The arguments for introducing GM food crops are more frequently in the news than new energy technologies, but on Monday, the FT reported that India’s Supreme Court has declared that more than 200 coal mining licences have been illegally awarded to private industrial groups.
India, one of the world’s largest producers of coal, has coal-rich regions in eastern states like Orissa, Jharkhand and Chhattisgarh and pockets in the central and southern parts of the country, which provide more than half of its commercial energy.
In 2011, BBC World News reported on a note from the federal ministry of mines which said that “legal and regulatory loopholes and inadequate policing have allowed the illegal mining operations to flourish and grow”.
A few influential oligarchs in collusion with politicians are said to have made massive profits
An ombudsman reporting on mining in Karnataka found that the promoters of privately owned mining companies in the Ballery region – where most of the mines are located – paid off politicians, and then joined politics themselves, rising to positions in the state government.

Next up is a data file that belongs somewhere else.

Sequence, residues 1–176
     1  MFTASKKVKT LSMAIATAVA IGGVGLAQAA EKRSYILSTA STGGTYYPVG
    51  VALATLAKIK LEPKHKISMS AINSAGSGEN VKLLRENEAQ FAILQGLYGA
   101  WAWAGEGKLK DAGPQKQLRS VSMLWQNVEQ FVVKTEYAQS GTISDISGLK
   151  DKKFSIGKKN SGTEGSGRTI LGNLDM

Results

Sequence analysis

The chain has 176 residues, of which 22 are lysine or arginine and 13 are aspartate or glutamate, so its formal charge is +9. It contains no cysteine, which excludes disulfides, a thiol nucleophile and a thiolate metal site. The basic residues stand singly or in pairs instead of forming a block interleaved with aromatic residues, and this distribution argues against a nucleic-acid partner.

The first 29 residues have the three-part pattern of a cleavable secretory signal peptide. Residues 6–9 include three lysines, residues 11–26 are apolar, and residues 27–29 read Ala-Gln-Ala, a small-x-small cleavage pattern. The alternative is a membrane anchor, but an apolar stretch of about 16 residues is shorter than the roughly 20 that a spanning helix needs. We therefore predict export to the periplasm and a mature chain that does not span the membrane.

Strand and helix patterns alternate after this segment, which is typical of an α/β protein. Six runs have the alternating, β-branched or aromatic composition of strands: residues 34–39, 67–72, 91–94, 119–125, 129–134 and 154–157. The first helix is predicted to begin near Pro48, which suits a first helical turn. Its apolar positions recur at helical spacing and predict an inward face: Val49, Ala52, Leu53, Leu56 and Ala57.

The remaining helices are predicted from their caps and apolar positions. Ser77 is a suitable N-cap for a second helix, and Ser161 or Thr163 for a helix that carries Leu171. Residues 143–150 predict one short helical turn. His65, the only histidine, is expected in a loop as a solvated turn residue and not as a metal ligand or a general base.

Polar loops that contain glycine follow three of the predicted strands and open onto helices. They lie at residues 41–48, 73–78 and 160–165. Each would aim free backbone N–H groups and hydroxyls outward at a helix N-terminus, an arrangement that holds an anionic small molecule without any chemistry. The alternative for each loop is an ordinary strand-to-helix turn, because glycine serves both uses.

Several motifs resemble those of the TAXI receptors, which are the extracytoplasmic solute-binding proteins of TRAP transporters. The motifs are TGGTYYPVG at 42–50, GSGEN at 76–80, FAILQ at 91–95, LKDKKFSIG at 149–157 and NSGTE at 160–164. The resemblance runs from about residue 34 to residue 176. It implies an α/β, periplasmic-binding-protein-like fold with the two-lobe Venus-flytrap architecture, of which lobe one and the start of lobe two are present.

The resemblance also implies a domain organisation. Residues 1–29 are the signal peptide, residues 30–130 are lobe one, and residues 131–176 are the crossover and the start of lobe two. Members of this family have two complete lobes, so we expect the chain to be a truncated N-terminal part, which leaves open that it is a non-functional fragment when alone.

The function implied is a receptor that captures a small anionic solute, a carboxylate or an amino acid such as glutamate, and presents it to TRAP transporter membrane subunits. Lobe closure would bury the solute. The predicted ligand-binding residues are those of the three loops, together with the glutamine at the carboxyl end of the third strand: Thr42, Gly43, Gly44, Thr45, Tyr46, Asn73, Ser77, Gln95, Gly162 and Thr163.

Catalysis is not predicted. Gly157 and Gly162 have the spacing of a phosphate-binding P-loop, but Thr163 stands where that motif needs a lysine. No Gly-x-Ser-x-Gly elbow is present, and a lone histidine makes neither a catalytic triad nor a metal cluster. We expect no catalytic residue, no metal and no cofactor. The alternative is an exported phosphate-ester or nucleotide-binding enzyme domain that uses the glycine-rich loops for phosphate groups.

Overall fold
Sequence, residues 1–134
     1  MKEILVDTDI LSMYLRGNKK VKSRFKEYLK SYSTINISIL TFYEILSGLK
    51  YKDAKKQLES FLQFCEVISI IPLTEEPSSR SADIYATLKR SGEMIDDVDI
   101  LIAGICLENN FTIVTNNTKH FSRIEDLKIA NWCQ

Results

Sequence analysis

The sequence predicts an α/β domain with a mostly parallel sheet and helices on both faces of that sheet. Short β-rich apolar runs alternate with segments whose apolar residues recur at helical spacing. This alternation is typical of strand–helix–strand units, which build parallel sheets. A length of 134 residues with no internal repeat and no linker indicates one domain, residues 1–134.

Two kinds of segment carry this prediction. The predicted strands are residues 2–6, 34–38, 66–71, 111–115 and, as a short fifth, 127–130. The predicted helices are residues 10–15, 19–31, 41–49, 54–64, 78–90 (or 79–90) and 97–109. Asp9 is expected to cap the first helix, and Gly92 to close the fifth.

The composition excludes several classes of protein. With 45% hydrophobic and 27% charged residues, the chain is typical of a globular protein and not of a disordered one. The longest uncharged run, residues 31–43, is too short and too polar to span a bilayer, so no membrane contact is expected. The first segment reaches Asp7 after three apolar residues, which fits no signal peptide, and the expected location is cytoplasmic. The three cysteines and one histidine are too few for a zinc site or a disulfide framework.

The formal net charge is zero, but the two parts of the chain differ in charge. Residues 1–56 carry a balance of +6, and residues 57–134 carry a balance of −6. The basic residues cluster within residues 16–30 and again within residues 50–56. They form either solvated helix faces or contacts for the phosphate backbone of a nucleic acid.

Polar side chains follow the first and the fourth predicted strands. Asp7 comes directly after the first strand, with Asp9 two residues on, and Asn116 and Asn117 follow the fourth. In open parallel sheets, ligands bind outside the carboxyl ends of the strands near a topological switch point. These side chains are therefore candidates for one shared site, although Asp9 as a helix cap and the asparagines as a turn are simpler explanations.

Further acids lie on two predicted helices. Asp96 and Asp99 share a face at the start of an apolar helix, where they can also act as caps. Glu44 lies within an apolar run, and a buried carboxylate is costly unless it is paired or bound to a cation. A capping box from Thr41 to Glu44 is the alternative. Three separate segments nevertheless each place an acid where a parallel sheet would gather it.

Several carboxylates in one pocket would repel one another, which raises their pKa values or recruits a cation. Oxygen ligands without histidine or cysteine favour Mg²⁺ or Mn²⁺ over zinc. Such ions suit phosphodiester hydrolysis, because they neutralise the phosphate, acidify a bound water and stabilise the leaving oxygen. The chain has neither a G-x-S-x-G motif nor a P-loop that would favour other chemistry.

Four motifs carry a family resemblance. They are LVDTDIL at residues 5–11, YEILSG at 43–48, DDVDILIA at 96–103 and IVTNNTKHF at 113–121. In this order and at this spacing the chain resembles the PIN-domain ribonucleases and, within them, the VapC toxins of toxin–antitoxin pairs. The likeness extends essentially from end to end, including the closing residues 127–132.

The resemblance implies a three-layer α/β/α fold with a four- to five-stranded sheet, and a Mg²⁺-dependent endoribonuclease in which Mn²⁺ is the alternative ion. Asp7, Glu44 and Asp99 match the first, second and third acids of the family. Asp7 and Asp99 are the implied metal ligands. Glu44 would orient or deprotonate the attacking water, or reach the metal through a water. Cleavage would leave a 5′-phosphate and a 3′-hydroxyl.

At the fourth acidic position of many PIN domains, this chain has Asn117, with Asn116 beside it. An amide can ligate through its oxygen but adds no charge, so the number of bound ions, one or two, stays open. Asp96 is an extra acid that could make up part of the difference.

Monday’s Supreme Court judgment which caused sharp falls in the share prices of mining companies said the process of allocating 218 licences to dozens of private groups since 1993 had been “arbitrary and illegal”. A further hearing will be held next week to assess the future of the illegally allocated mines.
Ironically, most of the coal licences awarded to private companies since 1993 have not been developed. Many mines in remote rural areas proved too costly to bring into operation, while environmental restrictions delayed the development of others.
Mining worldwide – though often profitable to owners and shareholders has immediate dangers to the poorest who work in them – and crippling long-term damage to health.
The future? The country’s carbon tax on the coal industry which raised fifty rupees for each metric ton of coal used in India was doubled in July by the new finance minister and the money is directed to India’s National Clean Energy Fund to provide low-cost finance to the renewable industry. State of play: